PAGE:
Our house is coming along slowly.  Much more slowly than I'd like but with the heat here and tow little boys, I suppose we're doing  well.  We also got our fridge two days ago and so that means we now can eat at our own house.  It was good exercise to go back and forth to the guest house but not very convenient.  We also have gas for our stove and drinking water so that we are now, minus a phone line, pretty much self sufficient at our house.  The house still needs quite a bit of work done on it but in time, we'll get there. 


We will begin our orientation for this region probably next week some time.  We are excited to get into our ministry here full time but we realize that being settled first at our house is important.  We will also be having our first team meeting with the other two families that will make up this "town support team" in the next few weeks.  They are great families and we are so looking forward to working with them. 


Ok, that's all from this side of the world for now.  We'll chat again soon!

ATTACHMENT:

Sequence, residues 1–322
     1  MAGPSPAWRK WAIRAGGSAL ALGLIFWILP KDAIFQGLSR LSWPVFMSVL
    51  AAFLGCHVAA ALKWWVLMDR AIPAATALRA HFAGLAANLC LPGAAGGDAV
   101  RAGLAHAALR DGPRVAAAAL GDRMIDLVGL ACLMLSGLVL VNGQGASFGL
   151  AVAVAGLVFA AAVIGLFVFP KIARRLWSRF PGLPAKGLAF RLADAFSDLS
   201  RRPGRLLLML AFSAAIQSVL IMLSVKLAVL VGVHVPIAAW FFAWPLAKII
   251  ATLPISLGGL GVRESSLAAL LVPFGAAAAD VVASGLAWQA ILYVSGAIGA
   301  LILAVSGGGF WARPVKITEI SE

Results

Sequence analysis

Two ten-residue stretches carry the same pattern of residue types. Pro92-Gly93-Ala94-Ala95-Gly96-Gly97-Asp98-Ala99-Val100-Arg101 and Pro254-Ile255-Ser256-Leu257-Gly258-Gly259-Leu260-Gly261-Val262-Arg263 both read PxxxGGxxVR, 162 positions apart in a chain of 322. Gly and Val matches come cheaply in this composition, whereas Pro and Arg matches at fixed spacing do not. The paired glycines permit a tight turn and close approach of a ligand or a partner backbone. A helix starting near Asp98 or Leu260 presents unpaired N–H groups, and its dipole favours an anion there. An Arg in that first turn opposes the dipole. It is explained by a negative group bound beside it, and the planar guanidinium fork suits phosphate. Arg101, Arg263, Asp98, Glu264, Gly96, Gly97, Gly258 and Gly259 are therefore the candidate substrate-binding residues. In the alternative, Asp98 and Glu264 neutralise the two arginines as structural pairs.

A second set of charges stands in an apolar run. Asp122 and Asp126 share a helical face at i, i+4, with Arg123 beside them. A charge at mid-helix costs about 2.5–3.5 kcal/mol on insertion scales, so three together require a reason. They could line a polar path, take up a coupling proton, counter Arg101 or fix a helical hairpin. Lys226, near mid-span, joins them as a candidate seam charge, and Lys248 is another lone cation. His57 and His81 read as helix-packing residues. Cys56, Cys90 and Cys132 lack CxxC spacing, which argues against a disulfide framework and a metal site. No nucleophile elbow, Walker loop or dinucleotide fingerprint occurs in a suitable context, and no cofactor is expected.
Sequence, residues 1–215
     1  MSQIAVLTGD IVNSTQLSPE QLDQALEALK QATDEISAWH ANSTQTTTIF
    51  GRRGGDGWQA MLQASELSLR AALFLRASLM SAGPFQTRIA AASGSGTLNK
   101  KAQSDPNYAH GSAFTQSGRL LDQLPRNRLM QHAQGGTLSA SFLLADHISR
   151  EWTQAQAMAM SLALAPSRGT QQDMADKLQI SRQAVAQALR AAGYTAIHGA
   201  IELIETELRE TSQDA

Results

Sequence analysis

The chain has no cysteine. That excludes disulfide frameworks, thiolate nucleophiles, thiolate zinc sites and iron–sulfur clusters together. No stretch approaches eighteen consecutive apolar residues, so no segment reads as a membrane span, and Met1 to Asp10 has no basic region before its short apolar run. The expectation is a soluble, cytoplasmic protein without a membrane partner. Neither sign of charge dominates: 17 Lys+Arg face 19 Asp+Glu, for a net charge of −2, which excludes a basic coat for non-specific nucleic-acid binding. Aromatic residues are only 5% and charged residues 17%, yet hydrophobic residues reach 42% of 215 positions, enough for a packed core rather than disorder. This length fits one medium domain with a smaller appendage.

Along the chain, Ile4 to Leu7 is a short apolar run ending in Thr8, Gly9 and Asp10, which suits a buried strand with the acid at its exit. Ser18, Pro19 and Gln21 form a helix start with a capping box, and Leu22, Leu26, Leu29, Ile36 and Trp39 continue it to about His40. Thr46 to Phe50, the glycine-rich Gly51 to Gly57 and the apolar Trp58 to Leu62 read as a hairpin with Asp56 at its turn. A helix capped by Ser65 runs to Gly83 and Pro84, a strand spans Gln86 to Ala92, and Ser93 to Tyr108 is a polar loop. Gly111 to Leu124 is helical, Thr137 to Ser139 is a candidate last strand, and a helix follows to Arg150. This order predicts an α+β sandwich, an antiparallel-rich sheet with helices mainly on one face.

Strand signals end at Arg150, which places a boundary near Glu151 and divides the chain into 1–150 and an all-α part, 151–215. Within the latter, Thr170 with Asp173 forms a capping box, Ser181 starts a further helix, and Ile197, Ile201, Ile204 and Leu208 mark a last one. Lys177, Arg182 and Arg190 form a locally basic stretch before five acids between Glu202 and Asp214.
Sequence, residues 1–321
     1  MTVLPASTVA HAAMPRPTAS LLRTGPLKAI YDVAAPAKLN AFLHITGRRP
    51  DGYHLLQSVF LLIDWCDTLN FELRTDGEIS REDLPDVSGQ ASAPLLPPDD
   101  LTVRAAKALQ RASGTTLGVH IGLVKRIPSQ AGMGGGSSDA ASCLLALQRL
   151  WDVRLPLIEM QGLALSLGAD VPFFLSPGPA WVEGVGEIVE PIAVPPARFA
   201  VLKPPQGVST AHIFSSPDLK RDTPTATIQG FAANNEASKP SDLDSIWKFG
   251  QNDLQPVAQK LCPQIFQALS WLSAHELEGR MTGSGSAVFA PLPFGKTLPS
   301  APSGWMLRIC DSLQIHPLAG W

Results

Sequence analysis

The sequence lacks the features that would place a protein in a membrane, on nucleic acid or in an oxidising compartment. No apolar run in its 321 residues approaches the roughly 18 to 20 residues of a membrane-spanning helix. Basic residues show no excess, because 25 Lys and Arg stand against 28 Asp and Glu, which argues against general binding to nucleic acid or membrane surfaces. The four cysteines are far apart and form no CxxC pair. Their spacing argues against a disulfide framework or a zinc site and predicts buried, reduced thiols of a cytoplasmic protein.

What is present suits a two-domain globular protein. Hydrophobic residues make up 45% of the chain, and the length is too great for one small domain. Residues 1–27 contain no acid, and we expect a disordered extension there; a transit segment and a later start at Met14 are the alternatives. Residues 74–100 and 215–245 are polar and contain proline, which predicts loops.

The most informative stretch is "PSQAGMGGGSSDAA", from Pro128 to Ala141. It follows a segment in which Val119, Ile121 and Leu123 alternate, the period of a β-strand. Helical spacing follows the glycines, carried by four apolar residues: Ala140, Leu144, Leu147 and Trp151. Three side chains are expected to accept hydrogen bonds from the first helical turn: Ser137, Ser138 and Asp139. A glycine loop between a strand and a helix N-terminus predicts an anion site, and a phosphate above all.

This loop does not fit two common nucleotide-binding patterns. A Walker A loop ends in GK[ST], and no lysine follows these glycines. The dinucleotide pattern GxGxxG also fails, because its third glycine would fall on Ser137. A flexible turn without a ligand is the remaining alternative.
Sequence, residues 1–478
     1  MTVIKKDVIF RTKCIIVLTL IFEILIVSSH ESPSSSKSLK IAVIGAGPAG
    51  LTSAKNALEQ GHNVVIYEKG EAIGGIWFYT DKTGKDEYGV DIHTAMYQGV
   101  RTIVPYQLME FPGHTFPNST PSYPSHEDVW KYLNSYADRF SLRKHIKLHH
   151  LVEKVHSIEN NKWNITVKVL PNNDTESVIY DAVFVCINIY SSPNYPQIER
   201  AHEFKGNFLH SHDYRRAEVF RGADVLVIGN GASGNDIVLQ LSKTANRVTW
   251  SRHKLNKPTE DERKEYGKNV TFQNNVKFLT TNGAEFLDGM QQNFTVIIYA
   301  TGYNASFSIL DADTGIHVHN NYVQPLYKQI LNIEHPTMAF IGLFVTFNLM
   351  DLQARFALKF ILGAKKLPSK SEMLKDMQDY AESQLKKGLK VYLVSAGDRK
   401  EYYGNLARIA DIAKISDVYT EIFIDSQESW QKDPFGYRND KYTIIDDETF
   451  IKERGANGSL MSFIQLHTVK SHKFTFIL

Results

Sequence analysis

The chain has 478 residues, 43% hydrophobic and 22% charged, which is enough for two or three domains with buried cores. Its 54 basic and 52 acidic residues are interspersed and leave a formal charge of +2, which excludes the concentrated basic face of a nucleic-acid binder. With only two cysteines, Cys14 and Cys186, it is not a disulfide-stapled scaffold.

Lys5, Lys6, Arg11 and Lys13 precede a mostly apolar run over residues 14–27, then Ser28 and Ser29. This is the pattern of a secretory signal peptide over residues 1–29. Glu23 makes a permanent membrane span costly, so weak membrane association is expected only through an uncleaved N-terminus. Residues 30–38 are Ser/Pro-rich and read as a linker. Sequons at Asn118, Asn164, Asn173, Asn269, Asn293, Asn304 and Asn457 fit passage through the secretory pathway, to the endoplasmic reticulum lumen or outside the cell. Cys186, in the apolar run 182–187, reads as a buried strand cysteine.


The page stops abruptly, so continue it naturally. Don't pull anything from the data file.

Sunday, September 02, 2007


Today was a good productive day for us.  Our kitchen is now useable except that we don't have our fridge just yet.  That will come on Wednesday.  Also, we need to get LPG gas for our stove and drinking water.  So that means we have two rooms liveable and well, let's not count how many more are yet to be finished, ok!?  We had a chance too today to have some fellowship with the various NTM families that are here in town.  Right now, that's quite a few!  There are several families living in town enrout to working in new tribal groups and two are here b/c of visa paperwork, another two are heading out to the states for various reasons, one guy is here to travel with a few others into some tribal areas to do surveys, and us and another family are getting settled in town to become a part of our town support team. Oh and I can't forget the other family who is here and has been here for 5 years, plugging away alone keeping everything going.  Soooo, it was a full house for us and a very encouraging time, hearing what God is doing here in Papua in various people's lives.  It also gave us a taste of what it will be like when we finally get into our ministry at the guesthouse.  We are so excited to finally be here!